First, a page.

The same would be true if the Kountze cheerleaders were allowed to proceed, said Charles Haynes, the director at the Newseum’s Religious Freedom Education Project.

 "If the cheerleaders aren't representing the school, then who are they?” said Haynes, who also advises school districts across the country on their religious expression policies. “It would be like saying that the football team doesn’t represent the school, they are just individual students just coming on the field and are free to do what they want to do.”

In an interview, Abbott said there was no ambiguity in the law on the issue of religious expression in schools. He attributed any confusion about its application among school districts to the manipulation of politically motivated organizations like the Freedom From Religion Foundation.

"The backdrop is that the Kountze battle is part of a larger war that we are defending against outside atheist groups trying to bully and steamroll school districts," said Abbott, a Republican widely expected to run for governor who successfully argued before the U.S. Supreme Court in 2005 to allow a monument displaying the Ten Commandments to stand at the Texas Capitol.

At the recent Kountze High game, people in the stands seemed to share that opinion. They said the uproar was the result of outsiders meddling in the town’s affairs — like the handful of protesters who traveled from nearby towns to hold signs in favor of keeping religion out of schools.

“All our kids go to church, they support it,” said Tiffany Clemons, as she stood with two other mothers of high school students near the sidelines during halftime. “And it’s encouraging kids who don’t go to church, to go to church.”

Sixteen-year-old Cody Merchant, a sophomore at Kountze High, said students just wanted to do something “inspiring for our boys.”

“It wasn't supposed to blow up like this,” he said. “This is a Christian town, mostly. We didn't think it would hurt anybody.”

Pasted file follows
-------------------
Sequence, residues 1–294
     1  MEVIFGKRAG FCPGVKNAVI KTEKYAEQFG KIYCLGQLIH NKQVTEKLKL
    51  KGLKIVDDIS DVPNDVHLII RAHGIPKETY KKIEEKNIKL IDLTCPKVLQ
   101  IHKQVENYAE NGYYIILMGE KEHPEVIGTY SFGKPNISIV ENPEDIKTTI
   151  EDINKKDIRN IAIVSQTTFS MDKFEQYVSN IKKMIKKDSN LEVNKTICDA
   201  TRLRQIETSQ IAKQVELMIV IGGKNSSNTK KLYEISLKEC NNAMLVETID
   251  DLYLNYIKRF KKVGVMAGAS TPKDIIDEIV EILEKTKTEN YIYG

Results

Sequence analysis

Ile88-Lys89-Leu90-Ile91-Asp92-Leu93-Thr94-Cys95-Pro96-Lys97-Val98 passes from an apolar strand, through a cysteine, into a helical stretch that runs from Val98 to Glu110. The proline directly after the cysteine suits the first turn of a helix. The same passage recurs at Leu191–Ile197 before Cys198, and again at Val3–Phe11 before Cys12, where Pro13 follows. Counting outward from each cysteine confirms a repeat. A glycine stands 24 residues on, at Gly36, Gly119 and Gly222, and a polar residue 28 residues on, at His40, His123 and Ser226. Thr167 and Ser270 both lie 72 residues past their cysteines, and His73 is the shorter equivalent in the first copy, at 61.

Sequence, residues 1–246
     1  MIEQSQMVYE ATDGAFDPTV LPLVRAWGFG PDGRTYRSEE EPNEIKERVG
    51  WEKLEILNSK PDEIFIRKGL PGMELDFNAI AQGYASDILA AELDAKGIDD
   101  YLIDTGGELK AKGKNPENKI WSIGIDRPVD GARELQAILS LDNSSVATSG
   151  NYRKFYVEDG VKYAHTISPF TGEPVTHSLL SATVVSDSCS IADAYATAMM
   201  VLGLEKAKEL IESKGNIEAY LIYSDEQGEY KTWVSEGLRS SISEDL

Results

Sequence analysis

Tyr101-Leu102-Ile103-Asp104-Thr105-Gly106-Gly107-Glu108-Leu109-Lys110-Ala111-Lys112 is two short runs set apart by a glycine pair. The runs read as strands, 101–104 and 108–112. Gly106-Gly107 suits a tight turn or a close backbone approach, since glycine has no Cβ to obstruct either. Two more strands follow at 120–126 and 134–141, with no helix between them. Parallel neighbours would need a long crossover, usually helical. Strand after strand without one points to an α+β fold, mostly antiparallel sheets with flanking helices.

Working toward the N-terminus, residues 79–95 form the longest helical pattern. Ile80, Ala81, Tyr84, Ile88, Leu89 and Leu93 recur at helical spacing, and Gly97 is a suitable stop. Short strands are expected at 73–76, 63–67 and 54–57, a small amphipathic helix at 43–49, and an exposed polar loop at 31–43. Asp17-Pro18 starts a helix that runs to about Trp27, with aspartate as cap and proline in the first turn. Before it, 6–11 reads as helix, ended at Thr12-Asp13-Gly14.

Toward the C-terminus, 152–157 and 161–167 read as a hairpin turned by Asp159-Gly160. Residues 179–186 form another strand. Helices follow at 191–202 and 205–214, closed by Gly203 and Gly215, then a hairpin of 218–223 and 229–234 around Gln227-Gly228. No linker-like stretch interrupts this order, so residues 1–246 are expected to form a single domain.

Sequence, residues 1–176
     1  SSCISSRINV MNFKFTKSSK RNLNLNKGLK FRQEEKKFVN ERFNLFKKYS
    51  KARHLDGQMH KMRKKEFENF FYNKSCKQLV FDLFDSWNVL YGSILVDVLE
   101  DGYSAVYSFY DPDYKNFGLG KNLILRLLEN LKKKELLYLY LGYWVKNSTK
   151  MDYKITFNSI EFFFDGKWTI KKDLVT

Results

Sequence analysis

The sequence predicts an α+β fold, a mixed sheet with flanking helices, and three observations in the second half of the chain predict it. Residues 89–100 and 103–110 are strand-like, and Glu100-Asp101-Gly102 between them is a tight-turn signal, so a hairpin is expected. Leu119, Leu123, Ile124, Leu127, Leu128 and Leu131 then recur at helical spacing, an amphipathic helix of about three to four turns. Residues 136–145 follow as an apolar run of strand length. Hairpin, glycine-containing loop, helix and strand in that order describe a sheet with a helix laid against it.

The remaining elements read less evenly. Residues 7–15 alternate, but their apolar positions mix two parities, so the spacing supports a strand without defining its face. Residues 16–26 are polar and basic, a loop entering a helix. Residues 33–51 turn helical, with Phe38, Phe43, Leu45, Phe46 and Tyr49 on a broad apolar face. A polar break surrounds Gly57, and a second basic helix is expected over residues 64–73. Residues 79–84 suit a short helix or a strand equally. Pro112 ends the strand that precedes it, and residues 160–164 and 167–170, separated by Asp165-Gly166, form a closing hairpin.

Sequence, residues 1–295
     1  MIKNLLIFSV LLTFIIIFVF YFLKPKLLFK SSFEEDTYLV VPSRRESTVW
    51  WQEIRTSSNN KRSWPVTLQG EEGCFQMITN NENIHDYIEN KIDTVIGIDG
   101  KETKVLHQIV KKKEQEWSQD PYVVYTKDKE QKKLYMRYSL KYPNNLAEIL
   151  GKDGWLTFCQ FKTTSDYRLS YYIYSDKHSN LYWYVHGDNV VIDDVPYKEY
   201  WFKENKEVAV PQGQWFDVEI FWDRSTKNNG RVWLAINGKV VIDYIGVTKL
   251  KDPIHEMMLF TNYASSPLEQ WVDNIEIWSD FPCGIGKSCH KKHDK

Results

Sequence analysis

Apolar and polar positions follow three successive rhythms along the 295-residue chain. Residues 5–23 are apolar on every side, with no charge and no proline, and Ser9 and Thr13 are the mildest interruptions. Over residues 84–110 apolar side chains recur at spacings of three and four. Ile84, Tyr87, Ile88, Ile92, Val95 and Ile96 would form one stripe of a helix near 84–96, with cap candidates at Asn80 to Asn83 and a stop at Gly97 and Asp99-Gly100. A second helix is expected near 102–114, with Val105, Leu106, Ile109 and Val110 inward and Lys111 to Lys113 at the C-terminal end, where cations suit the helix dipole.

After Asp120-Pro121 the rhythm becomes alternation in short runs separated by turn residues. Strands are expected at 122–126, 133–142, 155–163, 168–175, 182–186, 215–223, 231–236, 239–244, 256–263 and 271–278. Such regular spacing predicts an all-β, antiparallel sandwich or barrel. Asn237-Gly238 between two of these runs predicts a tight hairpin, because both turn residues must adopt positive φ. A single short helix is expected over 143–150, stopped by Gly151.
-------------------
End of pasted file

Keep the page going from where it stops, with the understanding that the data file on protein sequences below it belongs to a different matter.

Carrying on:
Partly in an attempt to prevent situations like the one in Kountze, the Texas Legislature passed the Religious Views Anti-Discrimination Act in 2007. It included a requirement that districts adopt disclaimers that separated the views of student speakers at school-sponsored events from those of the school as a way of clarifying the law after the Santa Fe decision.

Since then, two major cases have tested the application of the state law, one of only a few similar statutes in the nation, In February, a San Antonio-area district reached an agreement with the family of an agnostic student who accused Medina Valley High School of frequently mixing prayer with school events. When a federal district court judge initially banned student-led prayer at the school’s graduation ceremony, an appeals court overturned the ban pending the outcome of the lawsuit.

Before the case was decided in court, the parties made a deal where the district agreed that its employees would not pray with students, proselytize or display religious artifacts.

In 2007, parents and students who objected to prayer at graduation sued over the Round Rock district’s policy requiring student elections to determine whether to include prayer as a part of the ceremonies. Federal district court judge Sam Sparks said that the state statute did not protect the district’s policy, but he declined to weigh in further on the new law’s constitutionality.

He did offer this footnote: “The Court doubts whether the new statute will do much to resolve the issue of prayers at graduations, but expects the new legislation will be quite effective at keeping attorneys in fees for the foreseeable future.”